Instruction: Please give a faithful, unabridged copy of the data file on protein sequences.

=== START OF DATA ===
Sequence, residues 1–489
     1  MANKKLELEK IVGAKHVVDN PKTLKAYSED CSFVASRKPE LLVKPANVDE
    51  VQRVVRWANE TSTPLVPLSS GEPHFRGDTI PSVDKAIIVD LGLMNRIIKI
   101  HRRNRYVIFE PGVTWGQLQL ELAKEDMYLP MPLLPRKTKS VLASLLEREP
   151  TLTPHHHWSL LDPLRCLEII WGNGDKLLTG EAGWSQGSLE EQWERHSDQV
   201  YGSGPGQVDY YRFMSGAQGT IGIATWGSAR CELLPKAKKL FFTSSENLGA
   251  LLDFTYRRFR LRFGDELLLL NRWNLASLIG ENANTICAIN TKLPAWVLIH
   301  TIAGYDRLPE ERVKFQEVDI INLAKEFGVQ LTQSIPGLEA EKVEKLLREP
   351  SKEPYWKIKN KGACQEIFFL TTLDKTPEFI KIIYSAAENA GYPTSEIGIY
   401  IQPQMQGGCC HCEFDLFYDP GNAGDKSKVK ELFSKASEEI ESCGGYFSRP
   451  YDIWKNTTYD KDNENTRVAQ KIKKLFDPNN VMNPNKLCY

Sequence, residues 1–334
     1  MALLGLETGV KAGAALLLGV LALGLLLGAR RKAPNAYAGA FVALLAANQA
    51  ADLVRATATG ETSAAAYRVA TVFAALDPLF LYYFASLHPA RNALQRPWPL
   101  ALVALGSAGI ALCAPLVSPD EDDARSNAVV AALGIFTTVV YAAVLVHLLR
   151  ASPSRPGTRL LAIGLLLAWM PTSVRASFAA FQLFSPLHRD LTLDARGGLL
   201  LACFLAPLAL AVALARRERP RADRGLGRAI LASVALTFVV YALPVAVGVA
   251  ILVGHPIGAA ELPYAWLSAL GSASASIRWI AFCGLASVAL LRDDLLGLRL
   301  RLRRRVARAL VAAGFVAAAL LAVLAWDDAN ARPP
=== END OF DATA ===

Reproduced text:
Sequence, residues 1–489
     1  MANKKLELEK IVGAKHVVDN PKTLKAYSED CSFVASRKPE LLVKPANVDE
    51  VQRVVRWANE TSTPLVPLSS GEPHFRGDTI PSVDKAIIVD LGLMNRIIKI
   101  HRRNRYVIFE PGVTWGQLQL ELAKEDMYLP MPLLPRKTKS VLASLLEREP
   151  TLTPHHHWSL LDPLRCLEII WGNGDKLLTG EAGWSQGSLE EQWERHSDQV
   201  YGSGPGQVDY YRFMSGAQGT IGIATWGSAR CELLPKAKKL FFTSSENLGA
   251  LLDFTYRRFR LRFGDELLLL NRWNLASLIG ENANTICAIN TKLPAWVLIH
   301  TIAGYDRLPE ERVKFQEVDI INLAKEFGVQ LTQSIPGLEA EKVEKLLREP
   351  SKEPYWKIKN KGACQEIFFL TTLDKTPEFI KIIYSAAENA GYPTSEIGIY
   401  IQPQMQGGCC HCEFDLFYDP GNAGDKSKVK ELFSKASEEI ESCGGYFSRP
   451  YDIWKNTTYD KDNENTRVAQ KIKKLFDPNN VMNPNKLCY

Sequence, residues 1–334
     1  MALLGLETGV KAGAALLLGV LALGLLLGAR RKAPNAYAGA FVALLAANQA
    51  ADLVRATATG ETSAAAYRVA TVFAALDPLF LYYFASLHPA RNALQRPWPL
   101  ALVALGSAGI ALCAPLVSPD EDDARSNAVV AALGIFTTVV YAAVLVHLLR
   151  ASPSRPGTRL LAIGLLLAWM PTSVRASFAA FQLFSPLHRD LTLDARGGLL
   201  LACFLAPLAL AVALARRERP RADRGLGRAI LASVALTFVV YALPVAVGVA
   251  ILVGHPIGAA ELPYAWLSAL GSASASIRWI AFCGLASVAL LRDDLLGLRL
   301  RLRRRVARAL VAAGFVAAAL LAVLAWDDAN ARPP